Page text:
18 of 21 Stevens, J. J., Estrada, S., & Parkes, J. (2000). Measurementissues in the design of state accountabilitysystems Paper presented at the annual meeting of the American Educational Research Association,Willett, J.B. (1988). Questions and answers in the measurement of change. In E. Rothkopf (Ed.), Review of research in education 1988-89 (pp. 345-422). Washington: American Educational Research Associati on. Willms, J.D. (1992). Monitoring school performance: A guide for educator s Washington, DC: FalmerPress.Willms, J.D. & Jacobsen, S. (1990). Growth in mathe matics skills during the intermediate years: Sex differences and school effe cts .International Journal of Educational Research, 14 157-174. About the AuthorsKeith ZvochAlbuquerque Public SchoolsAlbuquerque, NMEmail: firstname.lastname@example.orgKeith Zvoch earned a doctorate in Quantitative Meth ods from the Educational Psychology Program at the University of New Mexico in 2001. He is currently a research scientist for the Albuquerque Public Schoo l District. Dr. Zvoch also teaches research methods and statistics at the Univ ersity of New Mexico on an adjunct basis. His current research interest is the measurement and assessment of school effects.Joseph J. StevensUniversity of New MexicoCollege of EducationEducational Psychology ProgramSimpson HallAlbuquerque, NM 87131Email: email@example.comJoseph J. Stevens is a Professor of Educational Psy chology at the University of New Mexico. Dr. Stevens' research concerns applicat ions and validity of large-scale assessment systems, the evaluation of accountabilit y systems and school effectiveness, and the assessment of cognitive dive rsity.Appendix A Sample Sizes and Empirical Bayes Achievement Mean a nd Slope Estimates by School and Content Area MathematicsLanguage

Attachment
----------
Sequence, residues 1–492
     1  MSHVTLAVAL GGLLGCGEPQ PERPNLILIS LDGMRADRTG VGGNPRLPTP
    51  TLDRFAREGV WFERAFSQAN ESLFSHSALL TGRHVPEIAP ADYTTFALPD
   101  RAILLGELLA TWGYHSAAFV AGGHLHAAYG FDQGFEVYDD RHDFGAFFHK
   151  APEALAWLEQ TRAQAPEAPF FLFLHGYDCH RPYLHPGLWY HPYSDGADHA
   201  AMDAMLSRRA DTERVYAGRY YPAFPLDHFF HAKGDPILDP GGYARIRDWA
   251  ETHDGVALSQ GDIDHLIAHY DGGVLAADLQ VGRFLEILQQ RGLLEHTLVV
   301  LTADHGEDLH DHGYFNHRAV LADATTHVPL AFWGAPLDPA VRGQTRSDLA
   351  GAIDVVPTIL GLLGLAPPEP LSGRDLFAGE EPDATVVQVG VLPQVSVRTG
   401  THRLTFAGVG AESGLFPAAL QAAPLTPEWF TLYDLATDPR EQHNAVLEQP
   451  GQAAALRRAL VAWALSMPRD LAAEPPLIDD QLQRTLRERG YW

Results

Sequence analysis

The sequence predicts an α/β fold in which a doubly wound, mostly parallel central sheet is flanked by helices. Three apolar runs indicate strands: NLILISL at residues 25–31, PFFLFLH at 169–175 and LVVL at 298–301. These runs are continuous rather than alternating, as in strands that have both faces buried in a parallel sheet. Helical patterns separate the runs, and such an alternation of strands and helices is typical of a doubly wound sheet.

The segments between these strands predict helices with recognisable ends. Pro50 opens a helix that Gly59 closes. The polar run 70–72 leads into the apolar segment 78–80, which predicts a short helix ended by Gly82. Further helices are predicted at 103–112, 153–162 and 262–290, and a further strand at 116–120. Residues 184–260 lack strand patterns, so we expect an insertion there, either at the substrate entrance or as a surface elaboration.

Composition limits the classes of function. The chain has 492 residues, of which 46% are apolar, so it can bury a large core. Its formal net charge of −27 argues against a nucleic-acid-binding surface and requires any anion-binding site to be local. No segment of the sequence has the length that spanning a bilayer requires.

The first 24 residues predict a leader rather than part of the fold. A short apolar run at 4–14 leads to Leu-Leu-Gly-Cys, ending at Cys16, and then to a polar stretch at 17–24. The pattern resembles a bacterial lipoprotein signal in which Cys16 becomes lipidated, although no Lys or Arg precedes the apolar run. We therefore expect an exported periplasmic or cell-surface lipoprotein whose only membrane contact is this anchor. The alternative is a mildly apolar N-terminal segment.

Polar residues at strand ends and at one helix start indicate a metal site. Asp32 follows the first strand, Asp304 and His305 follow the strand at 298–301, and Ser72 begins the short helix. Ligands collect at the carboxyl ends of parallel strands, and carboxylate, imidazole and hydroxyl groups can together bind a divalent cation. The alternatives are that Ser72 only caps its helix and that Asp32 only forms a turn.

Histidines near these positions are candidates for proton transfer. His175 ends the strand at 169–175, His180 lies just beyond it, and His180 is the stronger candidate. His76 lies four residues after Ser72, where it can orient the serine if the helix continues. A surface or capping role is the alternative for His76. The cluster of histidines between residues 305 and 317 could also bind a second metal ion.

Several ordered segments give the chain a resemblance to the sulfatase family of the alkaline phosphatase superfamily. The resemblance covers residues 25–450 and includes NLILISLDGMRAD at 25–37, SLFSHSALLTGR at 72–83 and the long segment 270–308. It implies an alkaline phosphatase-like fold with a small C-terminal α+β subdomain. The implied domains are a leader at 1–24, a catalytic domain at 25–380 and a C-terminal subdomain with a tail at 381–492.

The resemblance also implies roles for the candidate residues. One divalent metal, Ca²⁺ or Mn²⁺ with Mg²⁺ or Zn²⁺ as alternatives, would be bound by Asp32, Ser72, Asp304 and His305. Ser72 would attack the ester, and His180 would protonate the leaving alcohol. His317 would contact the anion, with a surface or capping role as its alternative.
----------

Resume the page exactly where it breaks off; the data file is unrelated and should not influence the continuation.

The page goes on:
19 of 21 SchoolMeanSlopeMeanSlopeN 1653.4017.34656.6712.65712642.7816.15649.2910.261043645.2416.32649.5213.271154668.9216.16667.7111.041655639.6718.12645.189.831686647.6213.98656.4513.50687670.8224.22678.1215.161788640.747.15641.769.391299691.4819.83687.5114.15168 10652.4911.90651.859.228811672.4921.99678.7513.3123212665.5516.95662.5713.0913113636.9025.33641.2012.8310314662.6423.15667.0213.6221615660.3617.55659.8210.8211816672.4722.75672.4113.2124217663.6320.41664.2213.6110918678.3514.64674.6011.0012519663.0622.02669.6613.3117220657.5918.23653.2411.6913621679.5016.27673.8312.3016422642.4624.94654.6614.409723656.6419.08660.7012.9112324661.6317.07657.6310.5777 The World Wide Web address for the Education Policy Analysis Archives is epaa.asu.edu Editor: Gene V Glass, Arizona State University